Pictures of smiling teens who will never grow older—Shavaughn Kierra White, 18 when killed in 2009, Jayla Shanee Brown 19 when killed in 2007—they were just two of the faces on posters stretching the block-long lobby of the City County Building.
Even as passersby saw the displays and read the adoring biographies, mothers, fathers, sisters and brothers of young Black men and women lost to gun violence, told their stories to Pittsburgh City Council. This day, April 26, they would be more than statistics. This was a Day of Remembrance.
|BE AT PEACE—Following a full day of hearings on gun violence before city council, the Day of Remembrance ends with the release of doves from the steps of the City County Building. (Photo by J.L. Martello)
Reverend Maxine Blackwell Walker made sure council members would remember her son Sherwood, dead almost two years to the day.
“He left behind a little girl, two brothers. He was going to propose to his girl on Mothers Day. Instead, I spent it at his wake,” she told them.
“In your position it may not affect you, but the way things are going it will. I don’t know what you can do about it but you need to think about it. We can’t write them off because they aren’t significant to you. They are significant to us.”
Sandra Gibson told of losing two brothers to gun violence and having a nephew awaiting sentencing.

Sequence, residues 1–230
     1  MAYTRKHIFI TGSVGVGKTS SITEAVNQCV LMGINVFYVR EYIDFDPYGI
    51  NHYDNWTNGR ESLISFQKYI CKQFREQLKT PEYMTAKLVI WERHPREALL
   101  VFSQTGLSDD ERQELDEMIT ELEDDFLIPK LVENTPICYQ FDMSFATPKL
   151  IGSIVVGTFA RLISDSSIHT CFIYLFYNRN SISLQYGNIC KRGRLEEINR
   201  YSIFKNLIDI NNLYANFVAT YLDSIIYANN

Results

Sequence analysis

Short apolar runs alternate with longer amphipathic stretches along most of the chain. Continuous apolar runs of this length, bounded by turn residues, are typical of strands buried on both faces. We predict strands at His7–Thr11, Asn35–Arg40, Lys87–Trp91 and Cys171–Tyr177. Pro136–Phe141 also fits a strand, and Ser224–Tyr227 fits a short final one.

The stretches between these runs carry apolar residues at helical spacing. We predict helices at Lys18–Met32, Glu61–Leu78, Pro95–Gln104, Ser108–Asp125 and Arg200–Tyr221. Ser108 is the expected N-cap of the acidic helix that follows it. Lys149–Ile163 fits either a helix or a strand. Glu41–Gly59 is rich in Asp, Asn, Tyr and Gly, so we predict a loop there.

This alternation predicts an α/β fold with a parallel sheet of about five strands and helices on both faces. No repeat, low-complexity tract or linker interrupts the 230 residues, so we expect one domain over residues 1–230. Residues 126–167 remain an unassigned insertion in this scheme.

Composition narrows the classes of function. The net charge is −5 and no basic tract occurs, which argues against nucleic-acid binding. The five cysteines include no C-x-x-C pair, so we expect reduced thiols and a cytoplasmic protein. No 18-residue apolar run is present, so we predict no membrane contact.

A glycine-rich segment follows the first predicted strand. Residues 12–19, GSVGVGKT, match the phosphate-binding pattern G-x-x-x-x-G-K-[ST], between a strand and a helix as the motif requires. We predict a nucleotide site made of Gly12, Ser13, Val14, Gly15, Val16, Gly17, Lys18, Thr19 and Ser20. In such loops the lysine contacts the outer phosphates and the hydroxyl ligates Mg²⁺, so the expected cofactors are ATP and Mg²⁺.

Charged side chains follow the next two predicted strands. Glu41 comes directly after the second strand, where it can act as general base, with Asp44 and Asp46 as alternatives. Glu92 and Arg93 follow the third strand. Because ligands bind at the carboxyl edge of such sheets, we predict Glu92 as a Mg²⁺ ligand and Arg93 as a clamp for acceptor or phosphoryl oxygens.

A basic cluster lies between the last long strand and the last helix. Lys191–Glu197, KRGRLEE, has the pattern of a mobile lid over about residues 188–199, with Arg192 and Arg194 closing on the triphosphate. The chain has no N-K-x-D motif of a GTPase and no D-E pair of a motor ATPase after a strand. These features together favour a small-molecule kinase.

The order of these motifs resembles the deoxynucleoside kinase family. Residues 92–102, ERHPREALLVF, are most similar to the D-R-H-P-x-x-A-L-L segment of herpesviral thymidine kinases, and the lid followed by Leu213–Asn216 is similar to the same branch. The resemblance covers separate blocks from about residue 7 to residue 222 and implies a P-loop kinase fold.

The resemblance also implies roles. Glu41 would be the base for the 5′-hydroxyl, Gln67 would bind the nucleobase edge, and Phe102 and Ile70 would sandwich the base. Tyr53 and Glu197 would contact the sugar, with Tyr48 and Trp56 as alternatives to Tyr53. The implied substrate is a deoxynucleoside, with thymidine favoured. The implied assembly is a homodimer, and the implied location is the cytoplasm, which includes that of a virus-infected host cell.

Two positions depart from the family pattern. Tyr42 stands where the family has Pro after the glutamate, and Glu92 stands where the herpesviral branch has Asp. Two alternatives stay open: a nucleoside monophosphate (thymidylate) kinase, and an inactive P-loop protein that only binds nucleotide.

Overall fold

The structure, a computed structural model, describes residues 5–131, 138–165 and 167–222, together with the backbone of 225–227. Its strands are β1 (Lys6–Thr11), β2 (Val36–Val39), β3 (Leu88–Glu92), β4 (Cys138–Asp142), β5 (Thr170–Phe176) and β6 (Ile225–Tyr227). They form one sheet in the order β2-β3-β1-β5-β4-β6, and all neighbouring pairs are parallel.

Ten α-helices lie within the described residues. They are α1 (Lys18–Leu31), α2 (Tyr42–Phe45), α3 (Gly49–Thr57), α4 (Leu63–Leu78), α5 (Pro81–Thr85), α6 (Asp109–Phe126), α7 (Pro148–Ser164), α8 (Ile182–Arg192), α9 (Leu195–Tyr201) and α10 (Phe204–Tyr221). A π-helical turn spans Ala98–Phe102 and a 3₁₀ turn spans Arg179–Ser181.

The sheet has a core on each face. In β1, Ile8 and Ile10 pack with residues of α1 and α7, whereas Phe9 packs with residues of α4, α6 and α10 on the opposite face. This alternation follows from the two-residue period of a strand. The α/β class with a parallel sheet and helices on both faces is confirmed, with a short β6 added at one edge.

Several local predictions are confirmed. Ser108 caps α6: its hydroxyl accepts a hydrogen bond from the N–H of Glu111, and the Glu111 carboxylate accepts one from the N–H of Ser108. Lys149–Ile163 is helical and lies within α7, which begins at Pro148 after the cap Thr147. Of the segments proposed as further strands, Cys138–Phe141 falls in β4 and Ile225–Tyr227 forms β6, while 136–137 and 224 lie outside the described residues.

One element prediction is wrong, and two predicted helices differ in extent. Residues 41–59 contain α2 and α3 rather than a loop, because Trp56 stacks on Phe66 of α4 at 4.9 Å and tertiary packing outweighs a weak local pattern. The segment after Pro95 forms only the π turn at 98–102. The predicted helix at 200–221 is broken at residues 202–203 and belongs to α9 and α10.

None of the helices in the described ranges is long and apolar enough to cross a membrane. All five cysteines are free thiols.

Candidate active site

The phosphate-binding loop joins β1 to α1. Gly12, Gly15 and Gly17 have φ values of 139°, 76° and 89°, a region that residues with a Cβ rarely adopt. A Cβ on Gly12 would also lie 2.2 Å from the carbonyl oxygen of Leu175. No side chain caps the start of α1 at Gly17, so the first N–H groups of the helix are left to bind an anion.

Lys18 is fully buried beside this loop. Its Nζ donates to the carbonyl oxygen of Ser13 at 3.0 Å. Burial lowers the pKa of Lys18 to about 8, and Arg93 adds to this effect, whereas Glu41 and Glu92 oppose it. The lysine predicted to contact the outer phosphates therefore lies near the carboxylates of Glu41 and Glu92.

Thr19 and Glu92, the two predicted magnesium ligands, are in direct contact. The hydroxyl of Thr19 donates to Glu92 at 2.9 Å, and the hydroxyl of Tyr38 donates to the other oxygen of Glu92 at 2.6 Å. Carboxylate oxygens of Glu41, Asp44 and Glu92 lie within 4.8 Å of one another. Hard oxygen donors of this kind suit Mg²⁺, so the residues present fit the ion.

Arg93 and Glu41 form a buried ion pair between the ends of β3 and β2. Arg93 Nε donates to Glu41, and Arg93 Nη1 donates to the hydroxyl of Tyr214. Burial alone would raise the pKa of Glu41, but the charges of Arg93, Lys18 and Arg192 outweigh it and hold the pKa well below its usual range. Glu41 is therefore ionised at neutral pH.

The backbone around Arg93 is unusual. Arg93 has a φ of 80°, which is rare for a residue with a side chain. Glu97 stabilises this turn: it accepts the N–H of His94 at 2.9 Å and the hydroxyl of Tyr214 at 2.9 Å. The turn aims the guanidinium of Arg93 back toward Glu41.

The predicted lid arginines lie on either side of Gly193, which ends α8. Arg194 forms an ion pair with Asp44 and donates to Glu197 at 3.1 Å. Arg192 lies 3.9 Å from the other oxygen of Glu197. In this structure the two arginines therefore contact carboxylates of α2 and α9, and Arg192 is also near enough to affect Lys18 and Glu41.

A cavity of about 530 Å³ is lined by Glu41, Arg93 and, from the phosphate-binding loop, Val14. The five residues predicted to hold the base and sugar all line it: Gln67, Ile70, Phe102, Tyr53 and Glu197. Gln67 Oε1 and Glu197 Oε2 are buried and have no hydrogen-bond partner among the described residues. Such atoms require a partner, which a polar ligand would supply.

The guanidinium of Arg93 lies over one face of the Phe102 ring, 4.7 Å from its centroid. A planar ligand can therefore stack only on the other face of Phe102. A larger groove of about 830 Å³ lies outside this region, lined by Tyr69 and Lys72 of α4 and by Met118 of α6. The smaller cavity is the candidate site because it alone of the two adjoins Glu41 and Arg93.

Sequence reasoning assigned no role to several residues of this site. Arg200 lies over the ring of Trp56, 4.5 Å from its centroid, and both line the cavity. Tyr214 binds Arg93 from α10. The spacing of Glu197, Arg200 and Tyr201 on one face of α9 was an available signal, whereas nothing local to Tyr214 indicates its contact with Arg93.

“And every year my mother calls the cold case office with a scrap of information. It’s been 27 years (for one) and 13 years (for the other), and she still calls. But they never respond.”
Dr. Louis Alarcon, trauma surgeon at UPMC Presbyterian, also gave council an overview of the damage he sees in young patients that don’t show up in the statistics they see about fatalities—those wounded by gunfire.
He said it is not uncommon to treat patients only to have them return with new gunshot wounds.
The event, sponsored by Councilman Rev. Ricky Burgess and the Community Empowerment Association, truly was a day-long remembrance of gun violence victims. Beginning in the morning with the public council meeting where the relatives testified, through an afternoon post-agenda meeting where residents were able to converse with council members, to a late afternoon rally on the portico that culminated with the release of white doves.
Rashad Byrdsong, CEA executive director, said he was pleased Burgess sponsored the event and that the council devoted an entire day to the remembrance, commemoration and recognition of these lost lives.
“This was the first time I know of where a community group had council’s attention for an entire day,” said Byrdsong. “It was about remembrance, commemoration and recognition—the recognition was for them. We made the argument that they have to recognize that there is an epidemic in our neighborhoods.”
Burgess said the testimony struck home.
“I don’t think anyone could not be moved by these stories,” he said. “The effects of violence have devastated communities across this city. The stories of these families are therefore important for the whole city.”
Burgess noted that the Allegheny County Health Department, years ago, called the violence in Black communities a public health issue.
“That’s why I continue to push a legislative agenda to revitalize these communities. We need to redistribute resources to low- and moderate-income neighborhoods to deal with the multiple causes of violence.”
Byrdsong agreed, saying he plans to continue the push for an urban agenda that encourages business revitalization, workforce development and public health. He is currently working to engage the county government and corporate community in the effort.
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